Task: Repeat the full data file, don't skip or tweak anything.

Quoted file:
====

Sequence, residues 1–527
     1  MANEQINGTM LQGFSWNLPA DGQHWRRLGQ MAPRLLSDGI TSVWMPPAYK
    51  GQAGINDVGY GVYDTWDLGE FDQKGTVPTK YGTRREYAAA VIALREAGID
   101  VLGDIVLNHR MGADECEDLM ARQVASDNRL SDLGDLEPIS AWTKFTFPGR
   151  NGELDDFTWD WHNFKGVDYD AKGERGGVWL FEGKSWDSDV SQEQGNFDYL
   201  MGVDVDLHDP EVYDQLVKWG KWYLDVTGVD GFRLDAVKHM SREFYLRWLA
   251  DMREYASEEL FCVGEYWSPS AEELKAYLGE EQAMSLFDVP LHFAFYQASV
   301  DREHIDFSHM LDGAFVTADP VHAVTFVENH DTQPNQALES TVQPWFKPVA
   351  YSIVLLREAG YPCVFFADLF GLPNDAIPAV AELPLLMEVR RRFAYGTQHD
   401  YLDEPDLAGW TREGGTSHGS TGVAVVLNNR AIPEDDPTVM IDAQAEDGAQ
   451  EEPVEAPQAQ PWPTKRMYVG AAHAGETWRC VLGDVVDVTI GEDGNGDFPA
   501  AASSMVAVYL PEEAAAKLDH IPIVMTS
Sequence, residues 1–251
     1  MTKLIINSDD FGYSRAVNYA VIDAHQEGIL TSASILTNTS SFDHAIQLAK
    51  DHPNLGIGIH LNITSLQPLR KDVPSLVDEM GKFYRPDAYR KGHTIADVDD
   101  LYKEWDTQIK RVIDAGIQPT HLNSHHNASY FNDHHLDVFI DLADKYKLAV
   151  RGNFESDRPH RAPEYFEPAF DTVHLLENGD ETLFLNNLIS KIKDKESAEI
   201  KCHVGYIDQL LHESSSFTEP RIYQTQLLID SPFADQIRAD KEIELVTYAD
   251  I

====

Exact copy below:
Sequence, residues 1–527
     1  MANEQINGTM LQGFSWNLPA DGQHWRRLGQ MAPRLLSDGI TSVWMPPAYK
    51  GQAGINDVGY GVYDTWDLGE FDQKGTVPTK YGTRREYAAA VIALREAGID
   101  VLGDIVLNHR MGADECEDLM ARQVASDNRL SDLGDLEPIS AWTKFTFPGR
   151  NGELDDFTWD WHNFKGVDYD AKGERGGVWL FEGKSWDSDV SQEQGNFDYL
   201  MGVDVDLHDP EVYDQLVKWG KWYLDVTGVD GFRLDAVKHM SREFYLRWLA
   251  DMREYASEEL FCVGEYWSPS AEELKAYLGE EQAMSLFDVP LHFAFYQASV
   301  DREHIDFSHM LDGAFVTADP VHAVTFVENH DTQPNQALES TVQPWFKPVA
   351  YSIVLLREAG YPCVFFADLF GLPNDAIPAV AELPLLMEVR RRFAYGTQHD
   401  YLDEPDLAGW TREGGTSHGS TGVAVVLNNR AIPEDDPTVM IDAQAEDGAQ
   451  EEPVEAPQAQ PWPTKRMYVG AAHAGETWRC VLGDVVDVTI GEDGNGDFPA
   501  AASSMVAVYL PEEAAAKLDH IPIVMTS
Sequence, residues 1–251
     1  MTKLIINSDD FGYSRAVNYA VIDAHQEGIL TSASILTNTS SFDHAIQLAK
    51  DHPNLGIGIH LNITSLQPLR KDVPSLVDEM GKFYRPDAYR KGHTIADVDD
   101  LYKEWDTQIK RVIDAGIQPT HLNSHHNASY FNDHHLDVFI DLADKYKLAV
   151  RGNFESDRPH RAPEYFEPAF DTVHLLENGD ETLFLNNLIS KIKDKESAEI
   201  KCHVGYIDQL LHESSSFTEP RIYQTQLLID SPFADQIRAD KEIELVTYAD
   251  I